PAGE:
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How to use Ableton Beat Repeat to keep your loops interesting

ableton
(Image credit: Ableton)

Loops are great. Working with loops gives you a quick way to create music, or form the foundations for a track, but loops can get boring quickly. Is there an easy way to keep short loops interesting every time?

Ableton Live’s Beat Repeat is an often overlooked tool, probably because it can sometimes create predictable results. With a little tweaking, however, we can turn it into a powerful tool for creating variation and interest in loops.

We’ll make use of Beat Repeat’s Chance control to automatically slice the beat up based on a set probability, so that each cycle of the loop ends up being slightly different. We’ll also set up some control over how often the effect will automatically rearrange the beat.

We’ll start by configuring some basic values for the Beat Repeat’s controls then create multiple copies to affect different parts of the bar. We’ll group everything into a Rack and map a Macro control to adjust the probability of slices occurring, then save it all as a preset to reuse in future sessions.

This technique works particularly well for drums, but can work equally well on all kinds of material.

ableton

(Image credit: Ableton)

Step 1: First, load Beat Repeat onto the track you want to affect. Set the Output Mode to Insert, Gate to 4/16, Grid to 1/6 and Chance to 50%. Make sure all of the other settings match the image.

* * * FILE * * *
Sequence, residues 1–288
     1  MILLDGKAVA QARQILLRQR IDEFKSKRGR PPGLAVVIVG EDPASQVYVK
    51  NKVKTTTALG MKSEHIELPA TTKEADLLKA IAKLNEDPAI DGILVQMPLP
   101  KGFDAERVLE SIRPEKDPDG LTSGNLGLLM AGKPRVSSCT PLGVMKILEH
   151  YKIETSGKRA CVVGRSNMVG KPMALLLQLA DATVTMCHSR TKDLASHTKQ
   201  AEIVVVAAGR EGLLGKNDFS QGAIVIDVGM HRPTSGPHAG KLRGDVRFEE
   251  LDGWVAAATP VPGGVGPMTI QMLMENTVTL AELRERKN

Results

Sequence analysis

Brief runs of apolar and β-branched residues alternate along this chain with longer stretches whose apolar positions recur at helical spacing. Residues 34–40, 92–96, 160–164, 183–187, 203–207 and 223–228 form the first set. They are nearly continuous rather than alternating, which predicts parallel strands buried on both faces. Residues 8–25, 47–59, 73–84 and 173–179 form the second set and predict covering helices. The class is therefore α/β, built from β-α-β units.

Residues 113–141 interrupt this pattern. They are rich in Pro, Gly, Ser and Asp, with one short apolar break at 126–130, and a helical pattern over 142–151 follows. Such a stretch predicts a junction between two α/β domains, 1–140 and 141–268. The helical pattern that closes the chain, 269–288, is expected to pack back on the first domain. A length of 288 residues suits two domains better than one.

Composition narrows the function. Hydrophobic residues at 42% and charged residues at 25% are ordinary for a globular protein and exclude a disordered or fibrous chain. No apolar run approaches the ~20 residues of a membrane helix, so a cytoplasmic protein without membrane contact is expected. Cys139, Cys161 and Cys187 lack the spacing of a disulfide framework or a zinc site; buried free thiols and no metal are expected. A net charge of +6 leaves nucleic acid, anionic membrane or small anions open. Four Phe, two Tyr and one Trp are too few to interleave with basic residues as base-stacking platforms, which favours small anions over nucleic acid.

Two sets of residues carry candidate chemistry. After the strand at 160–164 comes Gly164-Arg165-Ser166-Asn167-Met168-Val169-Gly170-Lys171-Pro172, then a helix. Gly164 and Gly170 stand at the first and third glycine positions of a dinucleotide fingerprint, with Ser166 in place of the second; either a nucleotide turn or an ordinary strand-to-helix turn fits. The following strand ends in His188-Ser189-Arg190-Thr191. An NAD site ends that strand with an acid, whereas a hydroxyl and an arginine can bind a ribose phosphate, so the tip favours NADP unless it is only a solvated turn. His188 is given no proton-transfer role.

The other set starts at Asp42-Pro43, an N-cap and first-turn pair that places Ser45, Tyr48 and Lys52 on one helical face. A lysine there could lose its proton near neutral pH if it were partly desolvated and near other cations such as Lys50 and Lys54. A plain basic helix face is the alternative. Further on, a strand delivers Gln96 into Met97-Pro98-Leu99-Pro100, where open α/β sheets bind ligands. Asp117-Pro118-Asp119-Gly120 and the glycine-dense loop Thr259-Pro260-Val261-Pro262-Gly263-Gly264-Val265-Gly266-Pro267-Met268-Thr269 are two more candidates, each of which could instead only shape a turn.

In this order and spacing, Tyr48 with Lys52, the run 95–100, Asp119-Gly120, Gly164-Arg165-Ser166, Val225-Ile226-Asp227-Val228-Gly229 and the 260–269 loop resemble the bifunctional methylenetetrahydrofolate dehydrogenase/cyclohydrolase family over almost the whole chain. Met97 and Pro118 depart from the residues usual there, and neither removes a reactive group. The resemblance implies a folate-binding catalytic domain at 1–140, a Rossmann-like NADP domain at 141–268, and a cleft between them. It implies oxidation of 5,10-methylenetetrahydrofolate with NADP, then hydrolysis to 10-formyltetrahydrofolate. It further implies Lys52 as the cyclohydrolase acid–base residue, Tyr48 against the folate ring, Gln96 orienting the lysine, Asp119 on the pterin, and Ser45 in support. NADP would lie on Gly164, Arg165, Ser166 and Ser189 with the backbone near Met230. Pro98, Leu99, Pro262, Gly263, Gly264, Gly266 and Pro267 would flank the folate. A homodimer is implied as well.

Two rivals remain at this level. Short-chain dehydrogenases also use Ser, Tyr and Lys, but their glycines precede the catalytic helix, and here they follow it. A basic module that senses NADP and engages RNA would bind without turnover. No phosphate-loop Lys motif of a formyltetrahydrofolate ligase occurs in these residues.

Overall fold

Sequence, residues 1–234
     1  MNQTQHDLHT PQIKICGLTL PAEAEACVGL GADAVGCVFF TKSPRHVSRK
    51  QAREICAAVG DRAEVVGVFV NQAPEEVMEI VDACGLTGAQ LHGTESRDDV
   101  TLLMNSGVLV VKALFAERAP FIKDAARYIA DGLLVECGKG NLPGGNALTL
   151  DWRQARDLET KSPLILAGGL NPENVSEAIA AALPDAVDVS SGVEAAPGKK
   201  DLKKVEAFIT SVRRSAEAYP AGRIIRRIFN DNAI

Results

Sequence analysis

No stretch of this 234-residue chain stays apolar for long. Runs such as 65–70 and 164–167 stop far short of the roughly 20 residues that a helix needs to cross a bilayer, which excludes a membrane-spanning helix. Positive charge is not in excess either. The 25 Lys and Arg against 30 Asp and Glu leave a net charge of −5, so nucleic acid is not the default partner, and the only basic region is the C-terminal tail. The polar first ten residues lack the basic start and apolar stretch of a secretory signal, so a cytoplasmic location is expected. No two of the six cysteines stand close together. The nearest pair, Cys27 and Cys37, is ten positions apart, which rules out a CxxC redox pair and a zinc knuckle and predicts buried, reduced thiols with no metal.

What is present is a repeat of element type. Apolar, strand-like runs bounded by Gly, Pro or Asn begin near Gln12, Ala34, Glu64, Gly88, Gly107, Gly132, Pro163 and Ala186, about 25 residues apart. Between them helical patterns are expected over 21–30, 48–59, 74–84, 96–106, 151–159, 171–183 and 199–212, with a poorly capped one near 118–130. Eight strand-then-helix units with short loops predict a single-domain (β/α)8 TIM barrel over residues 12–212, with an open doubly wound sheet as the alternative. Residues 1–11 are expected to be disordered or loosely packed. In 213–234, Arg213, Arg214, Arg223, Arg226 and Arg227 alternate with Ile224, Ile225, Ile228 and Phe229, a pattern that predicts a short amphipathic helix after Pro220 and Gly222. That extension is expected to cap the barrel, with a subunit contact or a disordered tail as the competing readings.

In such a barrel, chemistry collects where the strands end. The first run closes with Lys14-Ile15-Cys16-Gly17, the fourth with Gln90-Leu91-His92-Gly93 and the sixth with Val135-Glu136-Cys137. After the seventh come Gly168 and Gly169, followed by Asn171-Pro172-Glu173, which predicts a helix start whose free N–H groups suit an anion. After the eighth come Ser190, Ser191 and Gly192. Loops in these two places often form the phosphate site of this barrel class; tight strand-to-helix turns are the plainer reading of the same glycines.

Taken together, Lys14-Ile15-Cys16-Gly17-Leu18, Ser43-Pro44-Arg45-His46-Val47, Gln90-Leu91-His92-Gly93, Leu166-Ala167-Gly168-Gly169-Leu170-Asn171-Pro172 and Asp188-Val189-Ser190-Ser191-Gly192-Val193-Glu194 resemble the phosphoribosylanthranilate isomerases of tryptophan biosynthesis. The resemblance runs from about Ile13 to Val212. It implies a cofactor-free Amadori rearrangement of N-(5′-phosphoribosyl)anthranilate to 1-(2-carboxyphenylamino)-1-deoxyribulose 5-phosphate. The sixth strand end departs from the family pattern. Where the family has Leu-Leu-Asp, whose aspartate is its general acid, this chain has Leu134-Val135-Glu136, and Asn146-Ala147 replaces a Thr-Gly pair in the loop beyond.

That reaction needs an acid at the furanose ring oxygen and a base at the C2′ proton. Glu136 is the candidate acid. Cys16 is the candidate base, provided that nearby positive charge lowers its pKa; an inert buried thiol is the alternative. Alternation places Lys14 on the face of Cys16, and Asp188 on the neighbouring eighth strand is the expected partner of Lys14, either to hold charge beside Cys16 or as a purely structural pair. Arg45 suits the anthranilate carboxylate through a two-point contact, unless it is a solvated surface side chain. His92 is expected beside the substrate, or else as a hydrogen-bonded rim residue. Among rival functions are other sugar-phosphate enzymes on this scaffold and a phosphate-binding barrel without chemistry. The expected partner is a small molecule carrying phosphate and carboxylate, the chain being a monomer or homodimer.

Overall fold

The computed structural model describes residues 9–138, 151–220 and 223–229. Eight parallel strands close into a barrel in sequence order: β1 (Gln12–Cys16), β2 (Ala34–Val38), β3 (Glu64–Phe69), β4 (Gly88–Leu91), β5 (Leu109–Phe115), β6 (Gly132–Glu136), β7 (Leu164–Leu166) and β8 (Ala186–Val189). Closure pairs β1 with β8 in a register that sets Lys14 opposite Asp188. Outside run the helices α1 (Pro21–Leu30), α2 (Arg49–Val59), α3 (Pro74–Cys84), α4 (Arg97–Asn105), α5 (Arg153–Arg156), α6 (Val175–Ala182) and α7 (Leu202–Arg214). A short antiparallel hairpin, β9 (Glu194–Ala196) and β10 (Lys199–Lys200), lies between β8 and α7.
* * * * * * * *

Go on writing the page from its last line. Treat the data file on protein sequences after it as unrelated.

ableton

(Image credit: Ableton)

Step 2: Next, duplicate the Beat Repeat using CMD or CTRL + D to create four copies. Adjust the Offset control of each Beat Repeat so that you have the first Beat Repeat’s Offset set at 0, second at 4/16, third at 8/16 and fourth at 12/16.

ableton

(Image credit: Ableton)

Step 3: If you listen to your audio now, the effect should already be doing its thing, but let’s give ourselves some control. Select all four devices, then press CMD or CTRL + G to group them to a Rack. Right-click on each Chance control and map to Macro 1.

ableton

(Image credit: Ableton)

Step 4: Use the Chance Macro to adjust how frequently slicing occurs. Set up Macros for other controls if you’d like, then click Save Preset to save your Rack. Experiment with adjusting things like the Gate and Grid controls to see what other results you can get.

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